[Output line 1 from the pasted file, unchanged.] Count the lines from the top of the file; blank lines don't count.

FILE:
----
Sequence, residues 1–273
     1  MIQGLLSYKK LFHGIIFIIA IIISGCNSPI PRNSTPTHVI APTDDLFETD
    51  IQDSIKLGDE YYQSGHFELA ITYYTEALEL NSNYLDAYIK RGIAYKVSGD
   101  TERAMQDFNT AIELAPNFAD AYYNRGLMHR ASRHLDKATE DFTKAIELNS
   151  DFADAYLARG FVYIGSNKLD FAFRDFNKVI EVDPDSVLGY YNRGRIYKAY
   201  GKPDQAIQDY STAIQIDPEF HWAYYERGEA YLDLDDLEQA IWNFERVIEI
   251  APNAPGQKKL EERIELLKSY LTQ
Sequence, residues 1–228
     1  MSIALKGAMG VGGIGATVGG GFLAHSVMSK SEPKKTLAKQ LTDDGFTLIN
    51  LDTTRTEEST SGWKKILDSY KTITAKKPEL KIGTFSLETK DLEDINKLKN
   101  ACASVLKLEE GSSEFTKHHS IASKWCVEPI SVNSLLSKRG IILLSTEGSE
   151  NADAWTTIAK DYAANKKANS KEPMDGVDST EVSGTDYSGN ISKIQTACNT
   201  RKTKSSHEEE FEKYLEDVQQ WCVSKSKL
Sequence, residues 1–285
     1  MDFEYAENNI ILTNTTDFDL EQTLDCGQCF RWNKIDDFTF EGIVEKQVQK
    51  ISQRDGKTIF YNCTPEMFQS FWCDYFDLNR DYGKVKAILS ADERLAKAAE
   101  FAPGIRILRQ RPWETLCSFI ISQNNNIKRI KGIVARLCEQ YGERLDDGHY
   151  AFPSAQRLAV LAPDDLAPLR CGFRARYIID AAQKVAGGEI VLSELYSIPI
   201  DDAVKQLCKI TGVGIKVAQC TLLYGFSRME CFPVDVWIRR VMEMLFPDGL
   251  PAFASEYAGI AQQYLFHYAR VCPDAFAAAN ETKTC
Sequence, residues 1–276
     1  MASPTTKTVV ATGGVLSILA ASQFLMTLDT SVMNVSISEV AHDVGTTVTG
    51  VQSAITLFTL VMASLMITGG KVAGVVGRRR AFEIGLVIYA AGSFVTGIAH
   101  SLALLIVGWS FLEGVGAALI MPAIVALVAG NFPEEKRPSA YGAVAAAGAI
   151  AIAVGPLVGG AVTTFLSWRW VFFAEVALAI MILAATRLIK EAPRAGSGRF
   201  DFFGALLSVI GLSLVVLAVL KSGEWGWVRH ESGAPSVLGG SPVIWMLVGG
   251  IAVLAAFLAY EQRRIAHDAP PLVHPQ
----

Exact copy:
Sequence, residues 1–273